IPL 10

SRH v KKR, Eliminator: Kolkata’s bowlers knock out Hyderabad in rainy Bengaluru

Sunrisers Hyderabad were restricted to 128/7 in their 20 overs .

Kolkata Knight Riders benefitted from their bowlers’ good work as they beat Sunrisers Hyderabad by seven wickets in a rain-affected eliminator in Bengaluru late on Wednesday.

The bowlers were on the job for KKR as they restricted Hyderabad to just 128/7. Rain came down in Bengaluru and there were an almost three and a half hour delay. When it finally resumed, KKR needed 48 in six overs under the Duckworth-Lewis-Stern method. Though they lost three wickets quickly, Gambhir held fort to take Kolkata through.

Here are the moments of the match:

Slow Powerplay by Hyderabad

Shikhar Dhawan got out cheaply. Image credit: Ron Gaunt/IPL/Sportzpics
Shikhar Dhawan got out cheaply. Image credit: Ron Gaunt/IPL/Sportzpics

The Chinnaswamy surface this season has been slow and Hyerabad were caught in the quagmire. They scored 13 off the first two overs but Shikhar Dhawan was dismissed and things slowed down. They scored only 30/1 in 6 overs, their second-lowest Powerplay this season.

Warner’s wicket

David Warner walks back after losing his middle stump. Image credit: Shaun Roy/IPL/Sportzpics
David Warner walks back after losing his middle stump. Image credit: Shaun Roy/IPL/Sportzpics

Kane Williamson and David Warner had put on a good partnership and looked good. The first blow for Hyderabad was Williamson’s for 24. But Warner, after just about threatening to explode with two fours and two sixes, missed one from Piyush Chawla which thudded into his middle-stump.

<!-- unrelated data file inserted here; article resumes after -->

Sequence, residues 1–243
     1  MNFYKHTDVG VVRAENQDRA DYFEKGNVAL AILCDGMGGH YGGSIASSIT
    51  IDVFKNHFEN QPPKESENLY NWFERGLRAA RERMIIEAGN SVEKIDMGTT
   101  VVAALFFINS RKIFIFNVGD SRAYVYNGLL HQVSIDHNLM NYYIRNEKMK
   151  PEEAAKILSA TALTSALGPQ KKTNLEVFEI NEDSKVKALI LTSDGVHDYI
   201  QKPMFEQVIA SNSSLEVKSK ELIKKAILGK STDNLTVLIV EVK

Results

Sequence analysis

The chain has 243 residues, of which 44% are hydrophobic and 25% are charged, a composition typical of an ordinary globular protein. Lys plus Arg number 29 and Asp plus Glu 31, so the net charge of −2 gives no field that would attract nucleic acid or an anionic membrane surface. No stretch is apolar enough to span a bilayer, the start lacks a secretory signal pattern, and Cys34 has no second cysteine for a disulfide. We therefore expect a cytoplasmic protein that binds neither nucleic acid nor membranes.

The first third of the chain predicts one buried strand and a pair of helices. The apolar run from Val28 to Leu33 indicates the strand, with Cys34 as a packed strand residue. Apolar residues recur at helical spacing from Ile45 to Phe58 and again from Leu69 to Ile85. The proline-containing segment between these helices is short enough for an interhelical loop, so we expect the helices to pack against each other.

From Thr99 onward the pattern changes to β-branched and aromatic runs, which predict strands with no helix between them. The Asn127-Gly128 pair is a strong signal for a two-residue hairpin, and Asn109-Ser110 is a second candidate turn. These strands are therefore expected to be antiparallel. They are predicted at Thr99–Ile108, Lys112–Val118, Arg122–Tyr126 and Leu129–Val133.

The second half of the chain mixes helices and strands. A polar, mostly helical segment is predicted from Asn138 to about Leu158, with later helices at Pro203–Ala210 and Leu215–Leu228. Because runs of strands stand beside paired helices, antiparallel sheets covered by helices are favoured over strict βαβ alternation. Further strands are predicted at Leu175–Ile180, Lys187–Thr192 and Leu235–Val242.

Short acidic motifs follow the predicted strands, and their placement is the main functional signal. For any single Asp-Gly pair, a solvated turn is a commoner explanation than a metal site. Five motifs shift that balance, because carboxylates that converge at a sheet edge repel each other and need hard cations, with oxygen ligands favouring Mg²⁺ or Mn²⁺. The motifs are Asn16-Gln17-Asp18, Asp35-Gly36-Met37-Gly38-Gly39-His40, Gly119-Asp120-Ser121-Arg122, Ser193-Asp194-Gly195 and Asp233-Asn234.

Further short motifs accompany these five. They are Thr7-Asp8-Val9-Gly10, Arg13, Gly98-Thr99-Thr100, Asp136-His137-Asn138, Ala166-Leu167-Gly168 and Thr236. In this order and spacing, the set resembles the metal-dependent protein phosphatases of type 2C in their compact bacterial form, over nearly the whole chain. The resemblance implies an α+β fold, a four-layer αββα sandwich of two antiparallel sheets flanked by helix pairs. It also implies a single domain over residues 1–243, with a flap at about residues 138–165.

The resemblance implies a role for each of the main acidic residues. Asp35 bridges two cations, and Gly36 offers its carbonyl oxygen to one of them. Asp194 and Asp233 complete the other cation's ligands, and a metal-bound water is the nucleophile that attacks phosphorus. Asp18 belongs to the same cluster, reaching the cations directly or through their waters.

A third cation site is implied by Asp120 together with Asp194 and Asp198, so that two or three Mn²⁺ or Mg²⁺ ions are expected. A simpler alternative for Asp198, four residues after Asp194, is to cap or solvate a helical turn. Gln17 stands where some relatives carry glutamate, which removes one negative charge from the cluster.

KKR’s discipline

Nathan Coulter-Nile took a fantastic catch off his own bowling. Image credit: Ron Gaunt/IPL/Sportzpics
Nathan Coulter-Nile took a fantastic catch off his own bowling. Image credit: Ron Gaunt/IPL/Sportzpics

KKR’s bowling was based around great discipline. Only Piyush Chawla went above eight-an-over (1/27 off 3 overs) and Sunil Narine and Nathan Coulter-Nile impressed with figures of 0/20 and 3/20 respectively.

Crying in the rain

Image credit: Shaun Roy/IPL/Sportzpics
Image credit: Shaun Roy/IPL/Sportzpics

The moment Sunrisers Hyderabad finished their match, howling rain interrupted proceedings. The rain fell down relentlessly. It stopped for a brief while and play would have resumed at 11.25 pm, but it started again. Thanks to the playing conditions and the great drainage at Chinnaswamy, the match started at 12.55 am, a whopping three hours and twenty minutes after the match.

KKR stutter

Image credit: Ron Gaunt/IPL/Sportzpics
Image credit: Ron Gaunt/IPL/Sportzpics

Despite the fact that they were chasing a truncated 48 in just six overs, KKR had an anxiety attack. They lost Chris Lynn and Yusuf Pathan in the first over and Robin Uthappa in the second. David Warner sniffed a chance.

Gambhir knocks Hyderabad out

Gambhir had no nerves. Image credit: Shaun Roy/IPL/Sportzpics
Gambhir had no nerves. Image credit: Shaun Roy/IPL/Sportzpics

But captain Gautam Gambhir extinguished all the hope. He went on the offensive, refused to get bogged down.

Brief scores:

Sunrisers Hyderabad 128/7 in 20 overs (David Warner 37, Kane Williamson 24; Nathan Coulter-Nile 3/20, Umesh Yadav 2/21) lost to Kolkata Knight Riders 48/3 in 5.1 overs (DLS) (Gautam Gambhir 32, Chris Lynn 6, Bhuvneshwar Kumar 1/11, Chris Jordan 1/9) by seven wickets.